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Baltimore City Council looks for more transparency in development tax incentives

Baltimore City Councilman Bill Henry, shown at an earlier meeting, says the city needs to do a better job of providing comprehensive and easily accessible information showing which tax breaks have been granted to whom. (The Daily Record / Maximilian Franz)

Baltimore City Councilman Bill Henry, shown at an earlier meeting, says the city needs to do a better job of providing comprehensive and easily accessible information showing which tax breaks have been granted to whom. (The Daily Record / Maximilian Franz)

Members of the Baltimore City Council made a push for greater transparency in tracking how well development tax incentives work as part of a briefing on the use of such incentives Thursday morning.

Tax increment financing (TIF) and Payment in Lieu of Taxes (PILOT) incentives typically come with promises of jobs and, ultimately, more revenue for the city as part of developing areas in targeted neighborhoods.

But it can be hard for the public to track these projects. Information is often scattered, hard to find, or both.

“Why can’t we just have all that information in one spot?” asked Councilman Bill Henry, who sponsored a resolution leading to a hearing on the incentives Thursday. He argued that city agencies have access to most of the information anyway and putting it all on one website would be, “just collating information.”

Henry was also worried by statements from city agency heads that said they did not have the resources to create such a website.

“I am a more than a little concerned by the statement that we don’t have the resources to put up our own website about the progress of these claims currently,” he said. “I find it difficult to believe that that information isn’t already in-house.”

While specifics about how the tax incentives have been spent and how well they have met their goals can be difficult to find in one place, the city’s Department of Finance did provide numbers on the city’s current TIF debt load.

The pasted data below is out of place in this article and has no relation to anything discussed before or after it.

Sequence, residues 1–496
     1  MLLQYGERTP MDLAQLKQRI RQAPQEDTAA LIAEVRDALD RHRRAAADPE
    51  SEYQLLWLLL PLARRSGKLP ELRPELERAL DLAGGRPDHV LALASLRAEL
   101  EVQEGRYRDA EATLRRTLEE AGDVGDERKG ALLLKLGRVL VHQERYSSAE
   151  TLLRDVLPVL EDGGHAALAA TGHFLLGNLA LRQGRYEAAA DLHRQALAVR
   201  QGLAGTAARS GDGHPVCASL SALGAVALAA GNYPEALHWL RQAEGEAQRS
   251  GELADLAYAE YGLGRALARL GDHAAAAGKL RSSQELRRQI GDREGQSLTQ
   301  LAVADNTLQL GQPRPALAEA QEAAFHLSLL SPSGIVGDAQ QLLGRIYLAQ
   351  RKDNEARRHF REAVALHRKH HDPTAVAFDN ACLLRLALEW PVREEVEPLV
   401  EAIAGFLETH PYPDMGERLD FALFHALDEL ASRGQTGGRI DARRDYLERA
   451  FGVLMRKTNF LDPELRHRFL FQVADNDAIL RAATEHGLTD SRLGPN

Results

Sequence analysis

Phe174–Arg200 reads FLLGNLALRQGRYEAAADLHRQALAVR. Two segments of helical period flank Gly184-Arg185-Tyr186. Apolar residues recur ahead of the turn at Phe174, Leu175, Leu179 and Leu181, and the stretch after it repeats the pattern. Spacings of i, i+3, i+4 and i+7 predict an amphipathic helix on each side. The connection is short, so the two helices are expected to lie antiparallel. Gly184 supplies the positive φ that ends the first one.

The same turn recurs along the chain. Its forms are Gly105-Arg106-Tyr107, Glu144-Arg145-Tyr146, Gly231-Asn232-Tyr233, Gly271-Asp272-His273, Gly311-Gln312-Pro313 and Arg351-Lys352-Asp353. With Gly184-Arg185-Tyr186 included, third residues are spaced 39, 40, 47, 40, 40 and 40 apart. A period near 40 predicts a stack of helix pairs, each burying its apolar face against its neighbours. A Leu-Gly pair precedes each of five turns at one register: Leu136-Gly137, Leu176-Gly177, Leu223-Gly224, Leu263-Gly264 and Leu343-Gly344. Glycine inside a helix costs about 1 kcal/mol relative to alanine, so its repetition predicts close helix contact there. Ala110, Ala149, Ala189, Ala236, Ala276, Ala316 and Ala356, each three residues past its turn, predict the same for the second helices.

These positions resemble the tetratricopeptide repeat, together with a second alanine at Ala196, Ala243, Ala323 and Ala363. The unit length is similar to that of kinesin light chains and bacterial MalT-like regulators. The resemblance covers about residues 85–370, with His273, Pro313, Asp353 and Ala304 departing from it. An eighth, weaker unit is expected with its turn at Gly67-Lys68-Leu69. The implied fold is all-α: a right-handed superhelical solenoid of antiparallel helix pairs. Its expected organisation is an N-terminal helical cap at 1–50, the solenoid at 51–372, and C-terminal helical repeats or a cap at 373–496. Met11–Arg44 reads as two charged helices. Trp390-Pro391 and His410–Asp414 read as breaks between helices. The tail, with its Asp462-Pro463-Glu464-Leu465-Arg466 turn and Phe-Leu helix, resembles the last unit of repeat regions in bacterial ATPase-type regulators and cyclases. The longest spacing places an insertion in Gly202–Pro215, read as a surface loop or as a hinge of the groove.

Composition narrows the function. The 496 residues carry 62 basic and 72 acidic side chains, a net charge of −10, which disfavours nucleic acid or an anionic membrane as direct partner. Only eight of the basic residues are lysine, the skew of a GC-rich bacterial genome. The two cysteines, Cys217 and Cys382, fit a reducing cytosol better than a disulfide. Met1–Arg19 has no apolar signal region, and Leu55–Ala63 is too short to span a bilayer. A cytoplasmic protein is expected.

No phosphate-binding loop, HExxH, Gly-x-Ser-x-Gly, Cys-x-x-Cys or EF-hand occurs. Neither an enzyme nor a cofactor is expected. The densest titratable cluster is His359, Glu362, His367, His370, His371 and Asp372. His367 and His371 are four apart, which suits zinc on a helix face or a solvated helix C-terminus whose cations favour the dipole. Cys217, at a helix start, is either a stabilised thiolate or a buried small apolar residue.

According to the numbers provided by Steve Kraus, the deputy director of finance, the city currently has nearly $200 million in debt, as of June, distributed among nine TIF projects. It also has $773.5 million of debt to be issued across four projects, including $660 million for the Port Covington redevelopment.

Given the amount of money being spent, Henry said he wanted to see more public input on tax incentives throughout the process, through the city council. Currently, the council can have input after a tax incentive project has already gone through some work with executive agencies.

“I do want to continue to press for the idea of formally including the council earlier in the process for TIFs and PILOTs,” he said.

Whenever a project is being considered, Henry said, the chair of the council’s economic development committee should be notified and a public hearing should be held.

Henry said he was pleased with the information that came out of the hearing, which he described as “a good start.” But he wants to see the city begin to develop a more encompassing vision for development as it moves forward. That includes clearly delineating where the city wants to encourage people to develop.

Some of that vision should look beyond downtown and the waterfront areas of the city, he said.

“We need to articulate a real development vision for the city,” he said. “We need to be more thoughtful in how we do this.”

With significant turnover on the city council over the past election cycle, Henry also saw Thursday’s hearing as a chance to provide new council members with an overview of the tax incentive system the city currently deploys.

An older member of the council said she hopes these new members take on the task of looking into the system and how it works in the city.

“I hope that this new council, which has so much hope for the future, will take this on,” said Mary Pat Clarke.


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